Two days ago, I arrived on the rocky island of Bornholm for three weeks of archaeological excavations at Vasagård near Åkirkeby. For those three weeks, we’re staying at Åkirkeby Camping. I have many trips around the island planned, as there’s a lot that I want to see, but today, it was too windy for a bike ride after work. Instead, I decided to wait until the evening and go for a short bike ride in the neighborhood, on the lookout for a great sunset spot.
On our way to and from Vasagård, I had spotted this protected nature area called Klintebakken. That’s where I decided to go this evening. It’s located under a kilometer from the camping site, and it holds many exciting secrets, just waiting to be discovered.
A Geological Pearl
Klintebakken is one of the most geologically interesting areas on Bornholm, because it lies on the border zone between the Northern Scandinavian bedrock area, consisting mainly of granite and gneiss, and the Central European lowering area, where the bedrock is covered by thick layers of sandstone, clay and limestone.
Here, you will find 1,700 million year old gneiss and 500 million year old sandstone.
The area is hilly and steep, with the peak of the terrain consisting of the gneiss formations of Klintebakken with dwarf bushes and various types of trees. There are many large rocks that were moved to the area via the glaciers during the ice ages.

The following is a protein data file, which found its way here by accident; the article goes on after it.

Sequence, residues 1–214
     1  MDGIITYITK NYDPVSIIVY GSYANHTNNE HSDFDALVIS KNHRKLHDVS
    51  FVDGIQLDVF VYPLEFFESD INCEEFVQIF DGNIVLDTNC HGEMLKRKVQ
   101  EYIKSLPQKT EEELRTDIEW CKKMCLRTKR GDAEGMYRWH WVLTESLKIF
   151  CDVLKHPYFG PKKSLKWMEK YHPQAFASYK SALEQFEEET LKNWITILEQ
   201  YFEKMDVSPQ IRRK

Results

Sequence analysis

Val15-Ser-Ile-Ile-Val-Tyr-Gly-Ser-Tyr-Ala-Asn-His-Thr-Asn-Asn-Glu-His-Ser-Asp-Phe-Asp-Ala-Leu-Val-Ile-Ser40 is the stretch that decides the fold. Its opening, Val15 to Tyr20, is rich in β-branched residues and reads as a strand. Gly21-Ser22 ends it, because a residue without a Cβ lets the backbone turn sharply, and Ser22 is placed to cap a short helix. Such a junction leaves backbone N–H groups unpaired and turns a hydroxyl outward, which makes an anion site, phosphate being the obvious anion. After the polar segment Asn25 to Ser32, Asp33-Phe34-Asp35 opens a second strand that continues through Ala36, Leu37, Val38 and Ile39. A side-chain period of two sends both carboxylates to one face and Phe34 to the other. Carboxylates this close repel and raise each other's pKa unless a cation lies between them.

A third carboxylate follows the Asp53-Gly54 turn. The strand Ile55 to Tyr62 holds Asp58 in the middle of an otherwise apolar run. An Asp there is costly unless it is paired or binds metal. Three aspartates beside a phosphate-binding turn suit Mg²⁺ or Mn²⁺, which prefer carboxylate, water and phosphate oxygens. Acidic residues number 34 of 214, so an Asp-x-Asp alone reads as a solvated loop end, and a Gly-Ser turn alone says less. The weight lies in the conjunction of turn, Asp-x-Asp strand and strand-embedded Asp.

The Fossilised Seabed
To the south of Klintebakken, next to a sandstone quarry, lies probably the most interesting geological phenomenon on the island; a 540 million year old fossilised seabed. The seabed contains rare traces of waves and jellyfish, which are only seen in a few other places in the world!
You should’ve seen my face when I discovered this place. I had no idea that it existed before I started walking down the path towards it. Bornholm is definitely full of secret gems!
When I was done exploring the fossilised seabed, it was almost time for sunset. I wasn’t at the highest point in the landscape, but it was a good spot. I watched as it disappeared slowly below the horizon, leaving the sky bathed in orange and purple colours. It definitely won’t be the last time that I’ll be viewing the sunset from this spot!
By now, it was time to head back to the camping place. I biked along the gravel path, past the interpretive center NaturBornholm, dedicated to the geology and natural history of Bornholm, which I’ll be visiting sometime during these three weeks, and then back home to the cabin that I’m staying in with Lula.
Now it’s time to hit the bed, as we have another early start at Vasagård tomorrow. Good night!